WINDHOEK - The Public Service Commission (PSC) says about N$24.6 million in accrued leave was paid to 2,009 employees who left the public service in the 2016/17 financial year.
PSC chairperson Markus Kampungu emphasised in the 2016/17 annual report that leave administration requires special attention, proper management and supervision.
He said since not all government offices, ministries and agencies (OMAs) provided statistics as requested, the mentioned figure is not the final reflection of the exorbitant amount paid out for accrued leave.
He said that at regional council level, approximately N$3.6 million was paid out in accrued leave to 76 staff members who left the public service.
He said that during the 2016/2017 financial year, ten government OMAs were audited and the PSC met eight of the accounting officers to discuss the auditing findings and to implore them to engage in corrective action.
The audits covered the Office of the Prime Minister, Ministry of Information and Communication Technology, Ministry of Finance, Ministry of Home Affairs and Immigration, Ministry of Industrialisation, Trade and SME Development, Ministry of Justice, Ministry of Poverty Eradication and Social Welfare, National Assembly, National Council and Electoral Commission of Namibia.
“Already the commission is noticing a worrying trend in the results of these audits, and institutions are encouraged to pay special attention to human resources management, as anomalies in the recruitment process, filing and the administration of GIPF, social security, PSEMAS and probation are too common and too recurrent,” he said.
According to Kampungu, to address human resources management shortcomings and anomalies, managers and supervisors need to be held accountable if the public service wants to take service delivery to the next level.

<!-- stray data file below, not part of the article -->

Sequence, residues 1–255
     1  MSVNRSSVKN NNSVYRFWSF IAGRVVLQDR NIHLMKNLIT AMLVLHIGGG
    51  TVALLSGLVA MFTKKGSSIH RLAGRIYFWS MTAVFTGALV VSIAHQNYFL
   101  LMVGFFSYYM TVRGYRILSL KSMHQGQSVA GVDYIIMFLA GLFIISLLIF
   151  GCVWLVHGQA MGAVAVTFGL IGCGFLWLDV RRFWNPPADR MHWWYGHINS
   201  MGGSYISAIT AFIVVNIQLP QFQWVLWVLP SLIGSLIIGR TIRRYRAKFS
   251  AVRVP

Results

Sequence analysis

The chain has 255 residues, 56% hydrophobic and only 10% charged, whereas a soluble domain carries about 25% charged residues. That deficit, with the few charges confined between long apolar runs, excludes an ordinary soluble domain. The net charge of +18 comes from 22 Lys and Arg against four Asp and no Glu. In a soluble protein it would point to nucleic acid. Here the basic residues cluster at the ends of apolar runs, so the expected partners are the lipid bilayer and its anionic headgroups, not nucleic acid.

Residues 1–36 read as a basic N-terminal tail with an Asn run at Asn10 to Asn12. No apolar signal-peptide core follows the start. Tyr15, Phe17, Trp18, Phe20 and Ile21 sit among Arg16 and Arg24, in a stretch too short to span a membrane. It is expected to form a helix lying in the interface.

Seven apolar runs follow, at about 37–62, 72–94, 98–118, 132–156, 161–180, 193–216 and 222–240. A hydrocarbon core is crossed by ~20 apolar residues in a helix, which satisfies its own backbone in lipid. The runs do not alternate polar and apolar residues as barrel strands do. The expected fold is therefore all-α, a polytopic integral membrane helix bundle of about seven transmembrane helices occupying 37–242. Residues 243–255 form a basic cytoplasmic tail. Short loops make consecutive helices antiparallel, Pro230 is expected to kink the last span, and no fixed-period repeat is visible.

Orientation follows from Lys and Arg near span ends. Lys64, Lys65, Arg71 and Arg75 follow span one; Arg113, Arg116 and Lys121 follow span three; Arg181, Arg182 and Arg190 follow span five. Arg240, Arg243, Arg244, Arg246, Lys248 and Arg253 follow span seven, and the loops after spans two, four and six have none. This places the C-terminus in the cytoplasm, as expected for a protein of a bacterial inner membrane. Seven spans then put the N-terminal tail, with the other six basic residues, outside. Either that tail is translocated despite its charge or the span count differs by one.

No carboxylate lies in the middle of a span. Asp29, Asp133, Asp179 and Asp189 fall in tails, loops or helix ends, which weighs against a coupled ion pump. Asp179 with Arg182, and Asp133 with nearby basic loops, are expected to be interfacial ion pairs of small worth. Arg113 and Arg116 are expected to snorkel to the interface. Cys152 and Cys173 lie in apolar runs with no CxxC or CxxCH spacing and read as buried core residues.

Equally, the PSC recommended a total number of 34 misconduct cases, one suspension, 54 appeals on misconduct, 30 reinstatements, seven probations and one termination of employment on contract during the 2016/17 financial year.
In its 2016/17 annual report the PSC recorded in total 57 complaints from public servants in OMAs and regional councils, ranging from recruitment to study leave, unfair treatment, motor vehicle allowance and overpayment.
Further, altogether 127 posts were abolished compared to 1,964 abolished in 2015/16, with 959 posts created compared to 1,964 created in 2015/16.
Meanwhile, the number of civil servants increased from 67,835 in the 2015/16 financial year to the current 75,248.
A total number of 85,078 approved posts existed on the establishments of OMAs in 2016/2017. From this number 73,522 posts (87%) were filled, while 11,583 (13%) were vacant, according to the report.
These figures exclude political office-bearers, the military and Namibian police, while in regional councils the number increased from 1,490 to 1,706.
The report showed over 60 percent of civil servants are females. It also states that there are only 202 (0.3%) civil servants who belong to the special group designated as “marginalised communities and persons living with disabilities”, whereby 171 are in OMAs and 31 in regional councils.
A total of 57 percent of the management cadre of OMAs are male while 43 percent are female.
In regional councils, 59 percent are male and 41 percent are female.
The total number of teachers increased from 27,886 in 2016/17 to 28,086. Male teachers increased by 3 percent while females decreased by 3 percent, although in general there are more female teachers than their male counterparts.
The report further shows that altogether there were 3,434 civil servants employed additional to the establishment in OMAs and 86 in regional councils.
However, there are 1,315 foreigners employed in OMAs, the health ministry having the highest figure of 1,081 followed by the works and transport ministry with 95 and the education, arts and culture ministry with 60.
Temporary employment stood at 7,767 civil servants in ministries, with education, arts and culture employing the most at 7,015. A total number of 85,078 approved posts existed on the establishments of OMAs, and from this number, 73,522 posts were filled while 11,583 were vacant.
There were 2,085 approved posts in regional councils of which 1,706 were filled and 382 were vacant. New Era Reporter
2018-07-20 09:51:57 | 2 years ago